Don’t Be Afraid to Twitch Your Fly

Once the bugs hit the water, they won’t have the presence of mind to tell themselves to stay calm. Instead, it will struggle and attempt to free itself after a few seconds from its water predicament – to no avail. This should suggest to any fly angler that movement can be advantageous. Fish may be attracted to this struggle and move to investigate. The same action may activate the fish’s predatory instincts to eat the fly

Twitching won’t always work, and it is crucial to have a keen eye for how fish react to your fly to decide the best way to present the fly. Just because twitching fly patterns work one time is no guarantee fish will respond to it the next time.

Don’t Be Afraid to Change Patterns

I’ve found that fish are less discriminating during the beginning of a hatch than when they have time to get a look at a few. For this, you are more likely to succeed early with traditional flies that are “close enough” to the cicadas. Large and smallmouth bass anglers will find success this time of the year with bass poppers and sliders that have similar coloring. Trout fishermen can slap similarly colored Chubby Chernobyl or Amy’s ant on the water and get takes. Then, as the hatch goes on, search out flies designed as cicada imitations and cover lots of water. 

Top Cicada Patterns

Fly fishing a cicada hatch Clarks Cicada Fly
An effective cicada fly pattern can be completely impressionistic or carbon-copy representative.

An effective pattern can range from carbon-copy representative to utterly impressionistic. The fly you choose out of your fly box depends on how long the hatch has been going on. Tying flies like a Chubby Chernobyl early in the hatch, but fish become more selective as the summer wears on. 

Carl’s Cicada

Carl “Boomer” Stout’s Cicada pattern was inspired by the smaller annual cicadas that hatch along the Green River in Utah from mid-may through June. The multi-colored legs attract the trout, while the white hair on the foam body keeps this dry fly highly visible on the surface. 

Massicada

A variation on the MassHopper from Umpqua Signature Tyer, Josh Smittherman, the Massicada resembles a child’s toy. Bulbous and buoyant, the massicada should be plopped onto the water’s surface under the shadows of trees.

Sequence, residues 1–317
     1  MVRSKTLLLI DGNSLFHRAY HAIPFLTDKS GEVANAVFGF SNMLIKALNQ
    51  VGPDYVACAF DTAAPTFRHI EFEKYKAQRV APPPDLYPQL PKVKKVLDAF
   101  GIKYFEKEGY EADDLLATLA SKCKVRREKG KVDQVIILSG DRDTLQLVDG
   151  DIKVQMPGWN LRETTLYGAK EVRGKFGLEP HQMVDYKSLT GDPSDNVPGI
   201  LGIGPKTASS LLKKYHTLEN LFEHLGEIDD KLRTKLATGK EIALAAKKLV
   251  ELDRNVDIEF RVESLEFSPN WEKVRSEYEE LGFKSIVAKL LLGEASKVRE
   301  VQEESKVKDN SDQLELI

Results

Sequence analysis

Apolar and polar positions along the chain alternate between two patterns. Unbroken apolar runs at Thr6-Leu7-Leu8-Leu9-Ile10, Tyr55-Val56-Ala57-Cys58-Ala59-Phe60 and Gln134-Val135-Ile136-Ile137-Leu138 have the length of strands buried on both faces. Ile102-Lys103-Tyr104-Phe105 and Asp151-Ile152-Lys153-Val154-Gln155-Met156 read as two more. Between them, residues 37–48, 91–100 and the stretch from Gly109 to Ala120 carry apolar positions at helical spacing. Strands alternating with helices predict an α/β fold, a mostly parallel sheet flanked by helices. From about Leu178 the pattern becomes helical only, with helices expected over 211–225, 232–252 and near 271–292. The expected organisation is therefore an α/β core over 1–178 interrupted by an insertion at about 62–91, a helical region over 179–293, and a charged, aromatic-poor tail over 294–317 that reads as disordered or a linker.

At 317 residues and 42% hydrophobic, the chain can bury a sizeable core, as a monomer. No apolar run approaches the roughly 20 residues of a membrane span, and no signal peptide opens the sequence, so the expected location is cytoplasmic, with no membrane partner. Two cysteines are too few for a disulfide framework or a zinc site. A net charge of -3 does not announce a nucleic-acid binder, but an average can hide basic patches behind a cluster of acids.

Cicada Bomb

Though other species come in countless color variations, orange is a popular color for many, which is why the cicada bomb is always tied with the orangey color. The cicada bomb looks like a large bass popper. Be sure your rig turns over large flies and then is strong enough to hold on as this cicada fly will turn the heads of big fish.

Chubby Chernobyl

Reminiscent of all types of chubby bugs, the Chernobyl is a valuable pattern in many situations, including cicada mania. Use this fly early in the hatches and in high, discolored water when brown trout, stripers, and even carp are less pedantic on their cicada fly critiques.

Spent Cicada

Once a fly hits the water, there is no getting out; these unlucky bugs will drown face down. Others may have completed their life cycle and simply fall from their perch. The Spent Cicada floats on the surface, but its red eyes face down, perhaps as a trigger to feed trout.

Final Thoughts on Fishing Cicada Patterns

Fish are opportunistic. No matter what species you target, feeding trout, striped bass, carp, or even catfish, you will be surprised by them at some point, and you’ll be amazed by what they will eat. Cicadas on the menu are no different than mousing for brown trout or tossing a duckling fly for pike and musky. Fish will take what they think is (a.) an easy meal and (b.) can fit in their mouths. Fly fishing cicada hatches show that you, too, are opportunistic; you too can take what you’re given; you too can cast aside tradition. If you can catch fish with a cicada pattern, what surprises will you uncover?

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AUTHOR
Andy is a Colorado kid and lifelong angler. From bluegills in area ponds to high alpine lakes of the Rocky Mountains, he's fished it all. Andy enjoys helping other anglers catch more fish and sharing his passion for the sport.